Instead, they include kitchen staff at an Ann Arbor restaurant detained in the middle of a shift; parents arrested during once routine immigration check-ins; and a DREAM program recipient arrested after a press conference speaking out against Trump’s immigration policies. A U.S. Citizenship and Immigration Services officer even showed up at a school in Queens, New York, sending the community into an uproar. USCIS officials were quick to report that the visit was simply to confirm information reported on routine paperwork, but as Natalia Renta, a staff attorney at the advocacy organization Make the Road New York, told AlterNet, “it's unacceptable to have immigration officers in school."
Advocates say that while deportation was alarmingly common under the Obama administration (a record 2.8 million people were deported), there was frequently more advance warning. As Renta explained, “he had a list of people who were priorities. We could give people a good assessment... It takes a lot less... There’s definitely been a change in the sense that there are more people being apprehended, and it's more unpredictable.”
As a recent NPR report explained, many undocumented immigrants were previously not in hiding: “Hundreds of thousands of them report to U.S. Immigration and Customs Enforcement on a regular basis. They've been allowed to stay because past administrations considered them a low priority for deportation.”
Many of Renta’s clients don’t even need to be in an immigration office to be in danger. She explained that “a lot of these raids happen in someone's home." Even worse, “ICE agents often don’t have warrants from a judge, just a piece of paper that says 'warrant.'” Now, during Know Your Rights trainings, Make the Road New York organizers make sure to explain that attendees understand that they don’t have to open the door when someone shows up claiming to be police or ICE. Organizers also provide materials showing what real warrants look like.
The End of Temporary Protected Status for Haitians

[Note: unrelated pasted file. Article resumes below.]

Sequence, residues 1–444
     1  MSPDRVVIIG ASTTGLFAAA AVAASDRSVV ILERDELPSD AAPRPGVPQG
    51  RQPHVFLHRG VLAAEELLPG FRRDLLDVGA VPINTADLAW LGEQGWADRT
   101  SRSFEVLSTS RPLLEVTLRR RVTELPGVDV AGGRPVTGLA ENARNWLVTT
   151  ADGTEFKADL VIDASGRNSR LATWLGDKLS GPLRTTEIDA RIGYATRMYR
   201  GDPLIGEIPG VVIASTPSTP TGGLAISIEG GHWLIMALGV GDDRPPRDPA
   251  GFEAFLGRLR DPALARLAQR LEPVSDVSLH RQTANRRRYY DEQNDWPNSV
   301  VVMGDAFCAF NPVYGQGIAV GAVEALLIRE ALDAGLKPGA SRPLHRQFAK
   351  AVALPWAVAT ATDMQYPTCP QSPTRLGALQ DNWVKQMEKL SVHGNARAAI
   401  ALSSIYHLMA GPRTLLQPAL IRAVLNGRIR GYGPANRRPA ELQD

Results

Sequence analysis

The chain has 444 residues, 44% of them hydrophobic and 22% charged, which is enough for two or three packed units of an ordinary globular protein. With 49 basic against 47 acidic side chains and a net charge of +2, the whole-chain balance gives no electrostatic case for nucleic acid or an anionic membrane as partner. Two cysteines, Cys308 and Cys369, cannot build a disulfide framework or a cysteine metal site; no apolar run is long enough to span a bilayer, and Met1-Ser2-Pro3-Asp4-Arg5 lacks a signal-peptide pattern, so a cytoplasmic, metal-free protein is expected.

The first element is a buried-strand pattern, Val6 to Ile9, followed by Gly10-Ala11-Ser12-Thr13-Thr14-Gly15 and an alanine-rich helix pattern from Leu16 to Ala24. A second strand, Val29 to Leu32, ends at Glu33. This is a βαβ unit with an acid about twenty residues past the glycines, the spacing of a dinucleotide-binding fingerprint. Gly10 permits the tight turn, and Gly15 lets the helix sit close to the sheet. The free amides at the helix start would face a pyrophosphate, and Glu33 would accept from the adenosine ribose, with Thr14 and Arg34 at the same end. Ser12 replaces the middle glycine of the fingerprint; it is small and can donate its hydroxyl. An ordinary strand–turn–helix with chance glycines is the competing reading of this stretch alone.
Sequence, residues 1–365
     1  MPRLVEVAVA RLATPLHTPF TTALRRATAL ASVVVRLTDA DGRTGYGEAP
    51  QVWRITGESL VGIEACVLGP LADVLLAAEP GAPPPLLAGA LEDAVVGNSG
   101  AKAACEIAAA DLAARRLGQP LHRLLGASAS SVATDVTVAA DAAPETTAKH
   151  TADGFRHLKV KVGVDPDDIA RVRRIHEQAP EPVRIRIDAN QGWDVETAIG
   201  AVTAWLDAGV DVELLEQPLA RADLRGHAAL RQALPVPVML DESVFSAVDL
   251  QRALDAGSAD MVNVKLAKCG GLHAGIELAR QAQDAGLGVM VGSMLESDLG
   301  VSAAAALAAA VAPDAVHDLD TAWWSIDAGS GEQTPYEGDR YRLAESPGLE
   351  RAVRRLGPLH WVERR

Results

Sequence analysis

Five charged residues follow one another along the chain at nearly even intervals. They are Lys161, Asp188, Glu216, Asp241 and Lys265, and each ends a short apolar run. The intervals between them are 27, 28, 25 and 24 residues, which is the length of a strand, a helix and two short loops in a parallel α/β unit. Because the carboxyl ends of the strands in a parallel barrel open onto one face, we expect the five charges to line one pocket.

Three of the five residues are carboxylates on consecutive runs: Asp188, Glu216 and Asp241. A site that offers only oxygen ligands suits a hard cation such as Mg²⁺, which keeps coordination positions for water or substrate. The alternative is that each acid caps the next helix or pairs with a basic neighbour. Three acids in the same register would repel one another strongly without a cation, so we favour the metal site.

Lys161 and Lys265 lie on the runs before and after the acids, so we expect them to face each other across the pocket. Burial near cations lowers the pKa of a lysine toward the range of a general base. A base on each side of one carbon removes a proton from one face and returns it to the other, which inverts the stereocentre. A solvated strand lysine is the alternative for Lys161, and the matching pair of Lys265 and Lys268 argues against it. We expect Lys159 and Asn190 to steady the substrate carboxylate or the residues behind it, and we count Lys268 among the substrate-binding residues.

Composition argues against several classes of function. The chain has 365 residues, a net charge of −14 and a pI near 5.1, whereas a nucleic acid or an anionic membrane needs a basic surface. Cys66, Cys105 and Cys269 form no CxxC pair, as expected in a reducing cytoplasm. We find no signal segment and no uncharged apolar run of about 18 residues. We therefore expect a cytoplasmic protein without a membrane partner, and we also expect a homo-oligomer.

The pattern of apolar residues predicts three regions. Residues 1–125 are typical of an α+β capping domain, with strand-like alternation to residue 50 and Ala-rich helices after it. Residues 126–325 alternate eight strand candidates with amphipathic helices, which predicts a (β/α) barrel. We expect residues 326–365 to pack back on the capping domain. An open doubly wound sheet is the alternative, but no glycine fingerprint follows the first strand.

Temporary programs are also under attack. On May 22, Homeland Security Secretary John Kelly announced a six-month extension of the Temporary Protected Status designation for 55,000 Haitian citizens living in the United States. The program grants short-term work permits and relief from deportation to immigrants from nations experiencing war, natural disasters and epidemics.
Haitians received the designation following the devastating 2010 earthquake that killed approximately 316,000 people and displaced 1.5 million. The program was first renewed to Haitians following a cholera epidemic, food shortages and extensive poverty.
That first extension was set to expire in July, with advocates lobbying for at least an additional 18 months for citizens to return to what remains the poorest nation in the Western Hemisphere.
Secretary Kelly defended the small extension in a statement: “I believe there are indications that Haiti—if its recovery from the 2010 earthquake continues at pace—may not warrant further... extension past January 2018.”
The announcement was met with fear and anger from Haitians living in America, and their advocates. “We have a lot of families that are in shock right now,” Nancy TreviÃ±o, spokeswoman for Haitian Women of Miami, told the Washington Post.
“Assessments as recent as December 2016 indicate that conditions continue to warrant a full 18-month extension. Anything less would be irresponsible and reckless,” said Tiffany Wheatland-Disu, community outreach manager at the New York Immigration Coalition, in a statement. "Our government has already failed to extend needed TPS protections to the three West African nations of Guinea, Liberia and Sierra Leone in the wake of the 2015-16 Ebola epidemic. Forcing Haitians to return to a destabilized Haiti will impose a similar fate on the more than 55,000 Haitians currently protected by TPS."
The current ruling has impacts for additional countries. Next year, the Trump administration will determine whether 86,000 Hondurans will be allowed to stay beyond January, and 263,00 Salvadoreans beyond March.